Thomson Bible

Collection ID

BIB.002356.1-.4

Type

Bible - Printed Book

Date

1809

Geography

United States

Language

English

Medium

Printed on paper

Dimensions

8.5 × 5.7 × 1.7 in. (21.6 × 14.5 × 4.2 cm)

Exhibit Location

On view in The Impact of the Bible, Bible in America


Charles Thomson (1729–1824), the first secretary of the Continental Congress, created this Bible in the years following the American Revolution. Thomson was born in Ireland and immigrated to the colonies as a child. He later moved to Philadelphia, where he became involved in the movement for American independence. After retiring from government in 1789, he spent most of the next two decades translating this Bible from the Greek Septuagint. His translation was published in 1808 in four volumes by Jane Aitken, the daughter of Robert Aitken. The Thomson Bible is the first translation of the Septuagint published in English, and the first Bible printed by a woman in the United States.

Printed in 1808 by Jane Aitken, Philadelphia, Pennsylvania. Acquired by Elizabeth Tregos, unknown owner.[1] Acquired by 2010 by Gene Albert (Christian Heritage Museum), Hagerstown, Maryland; Privately purchased in 2010 by Green Collection, Oklahoma City, Oklahoma; Donated in 2016 to National Christian Foundation (later The Signatry) under the curatorial care of Museum of the Bible, Washington, DC.

Notes: [1] Elizabeth’s handwritten name appears on the title page of volume 1.

Select References:

Paul C. Gutjahr, An American Bible: A History of the Good Book in the United States, 1777–1880 (Stanford: Stanford University Press, 1999).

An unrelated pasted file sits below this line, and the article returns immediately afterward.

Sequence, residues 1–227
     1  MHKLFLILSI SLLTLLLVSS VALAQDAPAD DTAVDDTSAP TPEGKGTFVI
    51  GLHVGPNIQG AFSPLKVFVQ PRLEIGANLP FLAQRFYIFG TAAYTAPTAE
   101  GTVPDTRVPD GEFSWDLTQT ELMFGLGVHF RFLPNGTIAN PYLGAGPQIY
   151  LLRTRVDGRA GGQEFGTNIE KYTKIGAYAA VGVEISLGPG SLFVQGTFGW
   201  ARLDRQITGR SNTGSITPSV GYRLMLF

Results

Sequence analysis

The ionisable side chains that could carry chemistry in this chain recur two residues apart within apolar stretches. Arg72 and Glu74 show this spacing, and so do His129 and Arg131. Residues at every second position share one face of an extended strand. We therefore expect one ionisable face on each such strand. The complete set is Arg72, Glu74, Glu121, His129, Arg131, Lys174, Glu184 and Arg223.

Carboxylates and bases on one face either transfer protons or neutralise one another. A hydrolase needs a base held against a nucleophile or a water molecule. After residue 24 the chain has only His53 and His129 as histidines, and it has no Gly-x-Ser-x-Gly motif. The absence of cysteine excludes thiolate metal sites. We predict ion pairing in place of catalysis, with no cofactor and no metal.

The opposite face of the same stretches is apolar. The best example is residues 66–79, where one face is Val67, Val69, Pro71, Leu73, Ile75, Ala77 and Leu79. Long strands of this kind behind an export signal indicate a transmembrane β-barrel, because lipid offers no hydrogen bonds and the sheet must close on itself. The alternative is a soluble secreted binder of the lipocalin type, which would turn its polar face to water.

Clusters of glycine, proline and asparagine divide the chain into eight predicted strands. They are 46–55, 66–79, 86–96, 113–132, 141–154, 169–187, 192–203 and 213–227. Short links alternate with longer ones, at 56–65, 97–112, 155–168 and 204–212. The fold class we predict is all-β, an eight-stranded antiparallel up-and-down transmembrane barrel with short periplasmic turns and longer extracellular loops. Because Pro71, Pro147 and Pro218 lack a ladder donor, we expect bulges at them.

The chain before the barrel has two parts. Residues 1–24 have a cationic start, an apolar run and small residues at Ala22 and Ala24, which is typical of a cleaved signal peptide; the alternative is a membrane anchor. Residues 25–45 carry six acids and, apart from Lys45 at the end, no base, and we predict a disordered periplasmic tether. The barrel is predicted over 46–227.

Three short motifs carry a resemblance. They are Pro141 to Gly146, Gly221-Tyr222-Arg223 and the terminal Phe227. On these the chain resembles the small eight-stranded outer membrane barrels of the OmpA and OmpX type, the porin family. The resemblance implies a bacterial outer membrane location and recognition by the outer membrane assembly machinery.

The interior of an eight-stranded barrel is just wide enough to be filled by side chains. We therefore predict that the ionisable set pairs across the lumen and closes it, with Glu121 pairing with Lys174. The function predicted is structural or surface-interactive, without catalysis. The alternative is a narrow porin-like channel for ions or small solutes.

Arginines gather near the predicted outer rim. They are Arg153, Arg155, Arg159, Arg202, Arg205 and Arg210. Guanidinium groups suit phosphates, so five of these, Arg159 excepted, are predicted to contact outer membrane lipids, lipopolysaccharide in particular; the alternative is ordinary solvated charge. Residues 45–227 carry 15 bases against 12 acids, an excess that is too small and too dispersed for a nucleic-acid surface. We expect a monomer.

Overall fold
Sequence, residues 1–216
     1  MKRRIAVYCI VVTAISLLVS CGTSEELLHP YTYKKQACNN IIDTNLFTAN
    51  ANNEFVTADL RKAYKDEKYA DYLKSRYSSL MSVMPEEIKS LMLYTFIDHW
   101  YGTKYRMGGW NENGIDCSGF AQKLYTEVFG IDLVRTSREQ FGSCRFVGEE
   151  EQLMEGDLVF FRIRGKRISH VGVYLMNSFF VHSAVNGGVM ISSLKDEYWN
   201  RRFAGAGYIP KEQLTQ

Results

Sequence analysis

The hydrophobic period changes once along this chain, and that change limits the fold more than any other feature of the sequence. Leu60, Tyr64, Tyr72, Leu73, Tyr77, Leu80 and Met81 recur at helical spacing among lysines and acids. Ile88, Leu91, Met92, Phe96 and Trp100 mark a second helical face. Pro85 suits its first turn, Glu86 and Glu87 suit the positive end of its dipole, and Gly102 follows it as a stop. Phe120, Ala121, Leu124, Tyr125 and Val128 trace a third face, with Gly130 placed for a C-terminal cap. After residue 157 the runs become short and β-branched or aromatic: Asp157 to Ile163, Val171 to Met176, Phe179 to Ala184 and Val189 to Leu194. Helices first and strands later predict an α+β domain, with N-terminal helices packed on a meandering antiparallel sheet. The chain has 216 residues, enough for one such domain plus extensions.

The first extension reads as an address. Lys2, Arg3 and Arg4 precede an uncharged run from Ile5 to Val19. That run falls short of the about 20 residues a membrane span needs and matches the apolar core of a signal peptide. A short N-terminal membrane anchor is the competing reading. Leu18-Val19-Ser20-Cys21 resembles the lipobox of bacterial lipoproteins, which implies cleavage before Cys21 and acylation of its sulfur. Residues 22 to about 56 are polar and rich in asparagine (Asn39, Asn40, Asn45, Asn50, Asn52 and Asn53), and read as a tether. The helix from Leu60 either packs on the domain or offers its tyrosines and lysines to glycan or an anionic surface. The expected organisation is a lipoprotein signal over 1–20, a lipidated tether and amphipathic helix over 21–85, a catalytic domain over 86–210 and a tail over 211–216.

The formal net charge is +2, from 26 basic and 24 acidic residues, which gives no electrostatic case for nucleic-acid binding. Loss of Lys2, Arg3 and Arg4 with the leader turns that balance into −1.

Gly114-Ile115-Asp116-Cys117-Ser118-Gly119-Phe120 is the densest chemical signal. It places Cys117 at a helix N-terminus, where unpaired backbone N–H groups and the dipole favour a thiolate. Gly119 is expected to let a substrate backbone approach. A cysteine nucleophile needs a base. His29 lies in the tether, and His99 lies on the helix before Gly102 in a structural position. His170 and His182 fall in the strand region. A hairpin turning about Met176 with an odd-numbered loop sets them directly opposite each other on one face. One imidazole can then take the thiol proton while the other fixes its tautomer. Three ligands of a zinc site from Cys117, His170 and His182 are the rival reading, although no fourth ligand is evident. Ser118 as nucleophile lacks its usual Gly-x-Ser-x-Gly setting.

Sam Haselby, The Origins of American Religious Nationalism (New York: Oxford University Press, 2015).

description

Charles Thomson (1729–1824), the first secretary of the Continental Congress, created this Bible in the years following the American Revolution. Thomson was born in Ireland and immigrated to the colonies as a child. He later moved to Philadelphia, where he became involved in the movement for American independence. After retiring from government in 1789, he spent most of the next two decades translating this Bible from the Greek Septuagint. His translation was published in 1808 in four volumes by Jane Aitken, the daughter of Robert Aitken. The Thomson Bible is the first translation of the Septuagint published in English, and the first Bible printed by a woman in the United States.


provenance

Printed in 1808 by Jane Aitken, Philadelphia, Pennsylvania. Acquired by Elizabeth Tregos, unknown owner.[1] Acquired by 2010 by Gene Albert (Christian Heritage Museum), Hagerstown, Maryland; Privately purchased in 2010 by Green Collection, Oklahoma City, Oklahoma; Donated in 2016 to National Christian Foundation (later The Signatry) under the curatorial care of Museum of the Bible, Washington, DC.

Notes: [1] Elizabeth’s handwritten name appears on the title page of volume 1.

Select References:

Paul C. Gutjahr, An American Bible: A History of the Good Book in the United States, 1777–1880 (Stanford: Stanford University Press, 1999).

Sam Haselby, The Origins of American Religious Nationalism (New York: Oxford University Press, 2015).


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